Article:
Horror films have by and large been centred on straight cis white male directors. That’s evident in the narratives we see time and time again. Rarely have genre filmmakers chosen to tell women’s stories. LGBTQ stories, and stories told from the perspectives of persons of colour (“POC”) have been rarer still.
XX, which is set to debut in Toronto at the Imagine Carlton and Royal Cinemas on Feb. 17, represents a turning point in genre filmmaking. The film is part of a promising horror renaissance that seeks to subvert the genre’s gender norms. But the work for more inclusion in horror is by no means finished.
XX is a compilation of shorts directed by women filmmakers who bring a diverse range of backgrounds and accomplishments to the table.
Karyn Kusama directed the campy, underrated, charmingly subversive Jennifer’s Body and last year’s tense dinner party thriller, The Invitation. Annie Clark is predominantly known as the eclectic multi-instrumentalist St Vincent. Roxanne Benjamin is a veteran of horror anthologies such as V/H/S and V/H/S/2. Toronto native Jovanka Vuckovic is an author and filmmaker whose surrealist shorts have been celebrated by the likes of Guillermo Del Toro.
Genre critics often point to films such as The Babadook, It Follows, and last year’s The Witch as the works that began to turn the tide, although there were early standouts in feminist horror filmmaking. These last two films were written and directed by men, but their central narratives address rape culture and the shaming of emerging sexuality.
American Psycho is a fitting example of such feats. It’s the film adaptation of a notoriously misogynist novel. Director Mary Harron and screenwriter Guinevere Turner chose to omit the book’s scenes of physical and sexual abuse in favour of masterful satire at the expense of the white-collar male ego.
Jennifer Kent’s 2014 film The Babadook tells the story of a distressed single mother attempting to raise her young son who has developed behavioural problems. The rigours of motherhood—continuous sleepless nights, facing other parents’ judgment, isolation within the home—manifest as the film’s titular creature which first appears as a character in a picture book.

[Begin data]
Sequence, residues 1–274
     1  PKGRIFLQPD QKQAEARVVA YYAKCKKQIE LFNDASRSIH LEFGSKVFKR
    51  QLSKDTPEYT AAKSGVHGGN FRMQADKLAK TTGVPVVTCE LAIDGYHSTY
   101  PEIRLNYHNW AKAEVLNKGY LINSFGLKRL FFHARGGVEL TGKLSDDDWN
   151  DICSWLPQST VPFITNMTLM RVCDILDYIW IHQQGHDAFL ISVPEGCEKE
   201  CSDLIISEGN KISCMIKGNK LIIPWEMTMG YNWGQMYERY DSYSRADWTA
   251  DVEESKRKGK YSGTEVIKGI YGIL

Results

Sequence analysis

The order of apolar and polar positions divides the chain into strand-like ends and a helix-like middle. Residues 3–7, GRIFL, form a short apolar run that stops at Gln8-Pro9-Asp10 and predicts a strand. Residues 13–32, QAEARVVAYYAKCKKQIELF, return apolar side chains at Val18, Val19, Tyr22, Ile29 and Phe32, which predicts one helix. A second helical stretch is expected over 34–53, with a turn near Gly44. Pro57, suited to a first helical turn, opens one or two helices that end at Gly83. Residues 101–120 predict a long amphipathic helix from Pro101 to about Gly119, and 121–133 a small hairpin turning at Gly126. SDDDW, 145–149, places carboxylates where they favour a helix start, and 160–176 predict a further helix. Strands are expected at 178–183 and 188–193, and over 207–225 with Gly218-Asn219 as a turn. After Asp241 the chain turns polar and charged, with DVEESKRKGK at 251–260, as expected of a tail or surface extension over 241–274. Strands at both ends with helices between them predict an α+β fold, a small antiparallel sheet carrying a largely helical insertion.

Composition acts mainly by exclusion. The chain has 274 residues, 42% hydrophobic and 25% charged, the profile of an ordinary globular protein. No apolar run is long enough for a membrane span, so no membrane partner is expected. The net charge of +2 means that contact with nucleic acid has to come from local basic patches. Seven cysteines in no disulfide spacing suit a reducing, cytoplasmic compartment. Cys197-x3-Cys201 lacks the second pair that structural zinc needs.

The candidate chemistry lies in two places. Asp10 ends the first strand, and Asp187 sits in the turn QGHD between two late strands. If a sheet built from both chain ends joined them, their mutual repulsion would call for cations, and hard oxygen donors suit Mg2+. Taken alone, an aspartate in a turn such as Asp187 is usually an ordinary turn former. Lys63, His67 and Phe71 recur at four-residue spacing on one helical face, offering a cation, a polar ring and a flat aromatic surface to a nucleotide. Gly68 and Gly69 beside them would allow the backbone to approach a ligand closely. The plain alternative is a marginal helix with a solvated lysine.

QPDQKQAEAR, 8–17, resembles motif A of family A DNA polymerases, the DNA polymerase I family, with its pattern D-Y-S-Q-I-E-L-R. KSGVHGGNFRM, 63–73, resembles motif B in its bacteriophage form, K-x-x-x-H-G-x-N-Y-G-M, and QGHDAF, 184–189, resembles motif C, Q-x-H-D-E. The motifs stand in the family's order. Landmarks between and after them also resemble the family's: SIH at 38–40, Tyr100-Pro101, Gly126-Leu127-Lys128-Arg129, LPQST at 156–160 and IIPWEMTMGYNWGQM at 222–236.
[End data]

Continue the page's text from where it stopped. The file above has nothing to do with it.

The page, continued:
The creature stalks and harasses the film’s protagonist, eventually prompting her to question her sanity. The Babadook was heralded as a new touchstone in horror, a film from a first-time director who brought a female authorial voice and depicted the immense societal pressures of motherhood in a nuanced and thoughtful way. It is a thrilling, tense, and terrifying film.
The last year has seen even more horror films with a female authorial voice. Alice Lowe’s film Prevenge—which Lowe wrote, directed, and starred in while she herself was pregnant—is a funny, smart, and touching exploration of societal expectations placed on pregnant women.
Julia Ducournau’s Raw is a startlingly violent and darkly comedic cannibal coming-of-age tale. At a Q and A for the film's 2016 premiere at TIFF, Ducournau said critics are often shocked when they find out such a graphic story was helmed by a woman—as if women are incapable of creating shocking and controversial art.
A great horror film reflects our fears back to us. It’s fitting then that the films described above are all centred around what women have had to fear most in the last few years. Women have been made to fear that lawmakers will roll back our rights. Mothers struggle with a societal pressure to be infallible. Their perceived mistakes are not easily forgiven. Women are judged for choosing sexual partners freely and with consent. They’re shamed simply for growing into their sexuality. Society congratulates and admires men for those same feats.
So the horror revolution, such as it is, is still mostly a white one. But horror has begun to tell LGBTQ folk and POC stories.
The upcoming film Get Out is directed by Key and Peele’s Jordan Peele. The film follows a young Black man who, upon meeting his white girlfriend’s parents, uncovers a sinister plot to turn black members of his community into robots.
Filmmaking collectives such as Audre’s Revenge Film, founded by Monika Estrella Negra, tell stories by and about POC and LGBTQ folk in horror, sci-fi and fantasy spaces. For the horror genre to evolve beyond its limited circles, it must represent and interpret marginalized communities’ fears. In the existing sociopolitical climate, women, POC and LGBTQ folk still have the most to fear.
Image features Jovanka Vuckovic, director of "The Box" in XX, a Magnet release. Photo courtesy of Magnet Releasing.
Laura Di Girolamo is a writer for such publications as Exclaim! Film and Cinefilles, a social media professional, and a performer at stand-up storytelling shows in Toronto. A graduate of the York University Film Studies program, her research specialized in female representation in genre films and TV. She is also one of the co-creators of The Bloody Mary Film Festival, which spotlights the work of female-identifying Canadian filmmakers in horror, sci-fi, and fantasy. Laura is a devoted fan of lipstick, Korean skincare, ghost stories, gross bar food, and cats. Her love for horror films likely began the year she turned 13 and watched The Craft about three times a week. Follow her on Twitter at @laura_digi and @bloodymaryff